As a species, we don’t have all the answers yet – so it’s silly to think that any one individual does, either. We need to allow ourselves to be wrong in the pursuit of what is right – through empirical evidence and healthy, intelligent debate with our peers.

4. Laugh With You, Not at You

First things first, your friends should have a sense of humor.  If they don’t, there actually might be something wrong with them and you should probably should just stop talking to them all together.  Anyways, I digress. Funny happens all the time and I’ve actually laughed out loud at myself before, but when a friend actively pursues a facet of your life for their enjoyment, it might be time to cut them loose.  A good friend can find humor in the moment, but knows how to let it go and not project the humor onto you.

5. Emotionally Supportive

When life turns sour, it helps having people around that bring over vodka when all you have are lemons.  But, depending on the situation – some friends might become Negative Nancy and have nothing nice to say, a few will turn the conversation to their life and their problems (which of course, still matter – but this isn’t the time or place for it) and others will simply dip out of your life.  The positive influences in your life will find a way to give – whether its their ear, a shoulder to cry on or a couch to sleep on and silence is golden, especially when someone is at their most vulnerable.

6. Give Space When Necessary

When Galileo discovered that there was a flaw in the geocentric model, there was an uproar.  Sometimes, when people come to the realization that the world is about more than just them, they react the same way.  Everyone has a personal universe to deal with that we simply can’t know everything about.it.  We have to learn to respect boundaries and allow the people in our lives to cultivate their own worlds.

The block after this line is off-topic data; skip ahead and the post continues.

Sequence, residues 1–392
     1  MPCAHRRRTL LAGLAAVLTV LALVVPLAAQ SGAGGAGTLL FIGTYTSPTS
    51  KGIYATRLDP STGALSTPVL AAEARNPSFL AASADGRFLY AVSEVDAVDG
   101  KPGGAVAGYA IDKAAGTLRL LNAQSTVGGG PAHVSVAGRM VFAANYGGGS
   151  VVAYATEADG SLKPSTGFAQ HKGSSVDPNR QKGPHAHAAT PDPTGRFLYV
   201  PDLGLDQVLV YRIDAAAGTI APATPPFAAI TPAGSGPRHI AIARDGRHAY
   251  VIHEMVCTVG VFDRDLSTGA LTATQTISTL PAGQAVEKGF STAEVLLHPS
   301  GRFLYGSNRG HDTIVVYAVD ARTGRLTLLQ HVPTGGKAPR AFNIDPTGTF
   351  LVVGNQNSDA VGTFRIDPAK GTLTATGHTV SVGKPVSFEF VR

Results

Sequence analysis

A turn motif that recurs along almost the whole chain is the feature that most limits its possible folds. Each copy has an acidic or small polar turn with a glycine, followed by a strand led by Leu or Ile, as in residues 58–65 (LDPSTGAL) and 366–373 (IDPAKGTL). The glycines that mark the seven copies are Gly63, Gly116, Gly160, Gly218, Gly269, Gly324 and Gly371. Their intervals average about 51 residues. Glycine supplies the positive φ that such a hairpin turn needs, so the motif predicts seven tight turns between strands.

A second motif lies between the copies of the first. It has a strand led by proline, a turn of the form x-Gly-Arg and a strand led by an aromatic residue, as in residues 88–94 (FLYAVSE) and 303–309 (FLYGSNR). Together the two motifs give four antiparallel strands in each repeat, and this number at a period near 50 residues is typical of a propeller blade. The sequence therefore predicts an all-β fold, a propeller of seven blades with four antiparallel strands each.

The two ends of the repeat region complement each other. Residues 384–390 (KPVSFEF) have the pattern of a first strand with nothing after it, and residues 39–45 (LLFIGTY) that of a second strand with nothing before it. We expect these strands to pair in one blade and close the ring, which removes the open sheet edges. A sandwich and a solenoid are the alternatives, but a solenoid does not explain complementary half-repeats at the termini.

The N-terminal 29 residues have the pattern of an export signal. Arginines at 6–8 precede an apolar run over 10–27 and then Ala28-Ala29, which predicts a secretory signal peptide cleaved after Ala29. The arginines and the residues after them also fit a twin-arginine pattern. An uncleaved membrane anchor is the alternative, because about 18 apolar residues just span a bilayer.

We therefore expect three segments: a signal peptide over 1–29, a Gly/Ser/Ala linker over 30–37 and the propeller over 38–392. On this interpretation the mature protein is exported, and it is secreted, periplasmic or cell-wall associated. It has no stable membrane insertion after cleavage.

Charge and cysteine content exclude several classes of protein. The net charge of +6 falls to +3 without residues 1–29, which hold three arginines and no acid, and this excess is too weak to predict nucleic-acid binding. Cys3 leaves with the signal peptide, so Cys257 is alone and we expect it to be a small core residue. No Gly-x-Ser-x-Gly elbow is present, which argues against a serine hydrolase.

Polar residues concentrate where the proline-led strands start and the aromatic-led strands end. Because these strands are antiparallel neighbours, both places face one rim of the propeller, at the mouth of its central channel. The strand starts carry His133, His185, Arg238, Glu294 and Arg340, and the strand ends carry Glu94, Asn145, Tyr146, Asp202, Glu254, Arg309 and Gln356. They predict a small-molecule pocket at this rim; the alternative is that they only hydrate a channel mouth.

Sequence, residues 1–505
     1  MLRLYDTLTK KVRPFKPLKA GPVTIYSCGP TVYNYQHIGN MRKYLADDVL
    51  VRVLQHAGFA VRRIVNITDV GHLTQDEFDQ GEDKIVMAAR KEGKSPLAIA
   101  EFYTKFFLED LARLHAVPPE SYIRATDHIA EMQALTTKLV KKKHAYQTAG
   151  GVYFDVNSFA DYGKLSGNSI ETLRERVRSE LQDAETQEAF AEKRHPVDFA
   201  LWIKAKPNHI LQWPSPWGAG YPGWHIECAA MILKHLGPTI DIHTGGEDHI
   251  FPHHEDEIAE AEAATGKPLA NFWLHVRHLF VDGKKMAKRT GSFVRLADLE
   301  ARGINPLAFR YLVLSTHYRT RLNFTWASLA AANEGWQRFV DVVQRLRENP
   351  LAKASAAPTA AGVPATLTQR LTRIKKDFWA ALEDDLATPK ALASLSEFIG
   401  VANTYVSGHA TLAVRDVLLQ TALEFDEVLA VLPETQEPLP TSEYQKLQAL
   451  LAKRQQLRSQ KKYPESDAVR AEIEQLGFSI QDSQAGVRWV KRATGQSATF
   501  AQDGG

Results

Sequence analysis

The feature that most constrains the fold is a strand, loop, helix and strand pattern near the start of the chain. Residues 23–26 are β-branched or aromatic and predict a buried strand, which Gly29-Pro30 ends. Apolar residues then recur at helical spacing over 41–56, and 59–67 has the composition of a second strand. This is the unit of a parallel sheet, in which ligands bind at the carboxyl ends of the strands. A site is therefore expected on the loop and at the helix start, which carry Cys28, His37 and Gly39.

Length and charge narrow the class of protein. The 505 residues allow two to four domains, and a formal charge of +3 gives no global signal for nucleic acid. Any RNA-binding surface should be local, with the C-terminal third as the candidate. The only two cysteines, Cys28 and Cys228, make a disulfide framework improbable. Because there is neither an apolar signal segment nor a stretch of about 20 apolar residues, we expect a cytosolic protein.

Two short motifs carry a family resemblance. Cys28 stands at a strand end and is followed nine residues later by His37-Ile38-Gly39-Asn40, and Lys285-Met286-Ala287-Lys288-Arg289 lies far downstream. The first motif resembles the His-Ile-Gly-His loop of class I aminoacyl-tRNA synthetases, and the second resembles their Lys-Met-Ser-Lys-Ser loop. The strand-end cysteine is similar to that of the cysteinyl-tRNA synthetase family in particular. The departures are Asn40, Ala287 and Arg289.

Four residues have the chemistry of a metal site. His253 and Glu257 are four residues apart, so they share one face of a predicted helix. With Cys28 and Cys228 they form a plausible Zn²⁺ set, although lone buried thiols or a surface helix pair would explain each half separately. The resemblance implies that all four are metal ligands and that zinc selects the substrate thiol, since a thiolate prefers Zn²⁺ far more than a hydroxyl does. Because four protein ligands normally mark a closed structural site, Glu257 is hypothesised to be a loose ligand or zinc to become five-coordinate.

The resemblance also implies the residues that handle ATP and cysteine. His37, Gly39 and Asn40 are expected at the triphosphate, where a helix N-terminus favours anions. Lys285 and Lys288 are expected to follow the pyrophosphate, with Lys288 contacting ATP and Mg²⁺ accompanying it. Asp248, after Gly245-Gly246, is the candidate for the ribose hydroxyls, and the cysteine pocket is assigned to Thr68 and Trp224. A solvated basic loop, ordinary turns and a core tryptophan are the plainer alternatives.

7.  Brainstorm Solutions

One of the greatest things about having a group of peers is that you get to constantly crowdsource solutions. Is your boss being too hard on you? How do you train for a marathon? Should you move to a new city?  These are all things we deal with in our life and we should feel confident that we can reach out to the people in our lives in search of our own answers.  A good friend will engage you and play devil’s advocate to get down to the root of your question.

8. Constructive Criticism

It’s okay to have an standpoint on a person, and often there’s a time and place to voice it – but unless you can find a proactive way to express it, you should probably keep it to yourself.  If you’re forming a negative opinion on someone’s life, make sure it’s not a mirror that you’re holding to your own.  Instead, take a step back from the friendship and really examine what’s bothering you.

9. Value Time

Time is valuable, and other people’s time – doubly so.  A good friend understands that everyone has their own time table and own rate of life, we simply don’t all move at the same pace in life.  So, when it comes to hanging out and getting together – they’ll let you know when they’re running late and are conscious that your time matters, too.

10. Inspire Greatness

We’re all made of stardust, and I truly believe that within each of us – there’s something amazing.  When a beautiful soul meets another, they burn brighter together – just like when two candles meet.  They listen to your ambitions, goals and lofty visions. Instead of diminishing you, or them, they’ll encourage you to chase down your dreams and convert them to reality.

I hope you guys all have friends in your life like this, because I know I do.

Friendship is unnecessary, like philosophy, like art….
It has no survival value; rather it is one of those things that give value to survival.
– C.S. Lewis –